The prospect of finding and keeping valuable items from a shipwreck falls under the legal principles of salvage. While some people might hold dreams of keeping this loot, the court system of maritime and admiralty law has different ideas.
This large body of law contains many interesting and surprising provisions.
A broad legal term
According to an article in Marine Insight, salvage regulations and laws have existed for centuries and they cover a broad range of situations. The rules governing an offshore salvage operation will differ from those related to an in-port situation. Environmental salvage operations involve efforts to save the ocean ecosystem due to the damage to a vessel and its cargo.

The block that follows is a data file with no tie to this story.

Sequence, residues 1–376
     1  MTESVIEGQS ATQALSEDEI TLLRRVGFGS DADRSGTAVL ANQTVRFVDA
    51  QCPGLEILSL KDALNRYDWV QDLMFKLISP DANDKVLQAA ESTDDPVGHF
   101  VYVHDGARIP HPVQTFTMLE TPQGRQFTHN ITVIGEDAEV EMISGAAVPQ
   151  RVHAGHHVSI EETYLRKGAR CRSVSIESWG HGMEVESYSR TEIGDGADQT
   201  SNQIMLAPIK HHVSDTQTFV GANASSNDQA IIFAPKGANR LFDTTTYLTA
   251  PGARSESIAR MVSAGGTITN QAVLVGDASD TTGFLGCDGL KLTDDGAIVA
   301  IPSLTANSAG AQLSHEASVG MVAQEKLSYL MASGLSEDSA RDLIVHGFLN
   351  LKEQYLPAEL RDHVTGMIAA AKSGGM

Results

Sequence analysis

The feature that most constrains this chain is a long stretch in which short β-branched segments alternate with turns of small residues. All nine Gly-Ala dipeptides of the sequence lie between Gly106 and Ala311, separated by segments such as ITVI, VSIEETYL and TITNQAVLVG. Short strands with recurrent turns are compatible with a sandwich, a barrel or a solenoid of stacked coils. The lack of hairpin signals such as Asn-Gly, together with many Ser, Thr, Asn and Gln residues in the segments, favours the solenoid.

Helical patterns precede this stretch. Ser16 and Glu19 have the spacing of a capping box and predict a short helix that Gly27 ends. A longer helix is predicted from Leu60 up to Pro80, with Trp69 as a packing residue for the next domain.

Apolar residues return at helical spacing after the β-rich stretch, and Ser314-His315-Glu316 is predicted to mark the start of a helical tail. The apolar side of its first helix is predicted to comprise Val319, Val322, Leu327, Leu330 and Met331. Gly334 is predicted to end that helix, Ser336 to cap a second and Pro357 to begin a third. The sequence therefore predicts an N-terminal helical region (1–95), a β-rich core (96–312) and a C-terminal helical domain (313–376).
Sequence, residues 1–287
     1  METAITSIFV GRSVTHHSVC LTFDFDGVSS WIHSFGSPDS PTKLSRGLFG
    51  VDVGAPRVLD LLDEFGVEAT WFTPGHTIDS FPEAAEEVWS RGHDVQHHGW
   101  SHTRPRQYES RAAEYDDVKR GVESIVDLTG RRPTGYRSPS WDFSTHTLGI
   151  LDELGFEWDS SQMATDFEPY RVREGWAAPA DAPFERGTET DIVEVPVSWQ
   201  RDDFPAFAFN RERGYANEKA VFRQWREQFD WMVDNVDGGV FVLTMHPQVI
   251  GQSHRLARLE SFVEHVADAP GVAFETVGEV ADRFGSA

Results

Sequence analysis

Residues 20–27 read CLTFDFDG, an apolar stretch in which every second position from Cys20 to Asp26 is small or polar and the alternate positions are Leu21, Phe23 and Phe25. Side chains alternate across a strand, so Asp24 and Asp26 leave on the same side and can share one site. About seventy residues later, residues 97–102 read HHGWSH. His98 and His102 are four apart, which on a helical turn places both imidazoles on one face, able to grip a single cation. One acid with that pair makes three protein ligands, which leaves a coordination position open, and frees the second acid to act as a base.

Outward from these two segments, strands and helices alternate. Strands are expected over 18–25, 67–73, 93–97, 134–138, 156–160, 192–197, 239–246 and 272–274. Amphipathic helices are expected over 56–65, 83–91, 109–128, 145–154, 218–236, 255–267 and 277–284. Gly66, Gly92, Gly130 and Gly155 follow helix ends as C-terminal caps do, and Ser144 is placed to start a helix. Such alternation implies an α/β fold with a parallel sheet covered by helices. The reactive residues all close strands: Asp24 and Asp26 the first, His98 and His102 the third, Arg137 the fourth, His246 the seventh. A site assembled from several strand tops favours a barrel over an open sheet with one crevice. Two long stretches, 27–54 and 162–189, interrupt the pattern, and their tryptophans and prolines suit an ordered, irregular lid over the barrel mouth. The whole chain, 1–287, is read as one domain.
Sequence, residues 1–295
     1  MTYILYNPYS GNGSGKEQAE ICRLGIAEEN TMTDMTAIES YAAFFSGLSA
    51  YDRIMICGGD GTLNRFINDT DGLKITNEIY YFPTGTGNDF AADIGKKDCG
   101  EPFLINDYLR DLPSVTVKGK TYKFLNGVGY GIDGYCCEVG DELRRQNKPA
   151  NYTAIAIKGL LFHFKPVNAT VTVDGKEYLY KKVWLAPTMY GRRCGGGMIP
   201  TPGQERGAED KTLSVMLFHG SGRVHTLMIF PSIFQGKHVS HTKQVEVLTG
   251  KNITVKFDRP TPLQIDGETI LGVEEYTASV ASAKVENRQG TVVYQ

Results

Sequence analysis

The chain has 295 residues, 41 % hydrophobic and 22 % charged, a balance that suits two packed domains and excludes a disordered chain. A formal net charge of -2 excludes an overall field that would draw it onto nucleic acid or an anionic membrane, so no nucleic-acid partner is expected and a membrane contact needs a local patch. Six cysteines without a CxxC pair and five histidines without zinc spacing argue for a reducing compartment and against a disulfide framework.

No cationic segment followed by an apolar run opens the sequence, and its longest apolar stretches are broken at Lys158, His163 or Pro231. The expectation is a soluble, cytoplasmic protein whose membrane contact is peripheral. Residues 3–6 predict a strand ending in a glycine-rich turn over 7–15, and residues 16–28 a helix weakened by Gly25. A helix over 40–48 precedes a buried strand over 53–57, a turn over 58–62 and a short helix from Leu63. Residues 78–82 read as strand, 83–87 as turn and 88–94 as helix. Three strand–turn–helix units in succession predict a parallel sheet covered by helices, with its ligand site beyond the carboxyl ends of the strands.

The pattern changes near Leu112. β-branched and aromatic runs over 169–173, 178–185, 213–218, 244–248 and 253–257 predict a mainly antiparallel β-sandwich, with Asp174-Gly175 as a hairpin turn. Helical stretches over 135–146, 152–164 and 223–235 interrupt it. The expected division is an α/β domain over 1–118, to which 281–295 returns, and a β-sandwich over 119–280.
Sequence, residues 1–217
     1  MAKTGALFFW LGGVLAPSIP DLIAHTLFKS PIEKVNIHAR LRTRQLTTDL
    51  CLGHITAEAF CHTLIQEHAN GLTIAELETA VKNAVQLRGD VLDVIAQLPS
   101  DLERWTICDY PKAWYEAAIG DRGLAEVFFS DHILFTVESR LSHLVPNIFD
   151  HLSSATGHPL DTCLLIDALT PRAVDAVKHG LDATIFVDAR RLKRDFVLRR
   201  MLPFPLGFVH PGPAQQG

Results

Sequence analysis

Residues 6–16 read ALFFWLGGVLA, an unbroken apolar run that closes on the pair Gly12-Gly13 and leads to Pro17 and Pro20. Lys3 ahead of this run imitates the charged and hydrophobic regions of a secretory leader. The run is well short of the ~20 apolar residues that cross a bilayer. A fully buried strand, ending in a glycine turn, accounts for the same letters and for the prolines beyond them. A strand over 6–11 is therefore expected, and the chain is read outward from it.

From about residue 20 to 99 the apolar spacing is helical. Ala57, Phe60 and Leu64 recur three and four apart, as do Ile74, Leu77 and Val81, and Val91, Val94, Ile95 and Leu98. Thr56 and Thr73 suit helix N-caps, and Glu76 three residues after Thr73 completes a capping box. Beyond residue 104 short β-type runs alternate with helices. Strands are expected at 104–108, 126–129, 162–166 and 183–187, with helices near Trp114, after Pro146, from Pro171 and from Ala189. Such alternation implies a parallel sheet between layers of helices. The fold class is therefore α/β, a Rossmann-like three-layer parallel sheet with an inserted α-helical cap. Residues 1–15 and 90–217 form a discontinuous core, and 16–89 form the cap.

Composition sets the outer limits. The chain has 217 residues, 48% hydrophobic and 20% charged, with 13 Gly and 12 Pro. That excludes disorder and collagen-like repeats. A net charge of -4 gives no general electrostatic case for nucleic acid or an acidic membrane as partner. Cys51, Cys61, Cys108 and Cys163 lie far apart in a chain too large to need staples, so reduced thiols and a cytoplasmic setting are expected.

Even the meaning of a salvage operation changes depending upon the context of the situation. This has important considerations for both the companies performing salvage work and the ship owners hiring a company for salvage.
A general definition
Specific conditions must occur for an operation to fall under the category of salvage. It should involve a ship or vessel, the cargo on board or payable freight from a vessel. All of these properties must face some sort of peril such as falling overboard and being lost under the ocean.
The company performing the salvage operation must do so voluntarily, with no prior obligations. Finally, the contract must spell out a goal that determines payment; the industry calls this “No cure, no pay.”
Contracts that involve salvage situations require clear and precise language and an understanding of legal principles. Otherwise, this could lead to disputes or unexpected obligations on the behalf of shipping companies.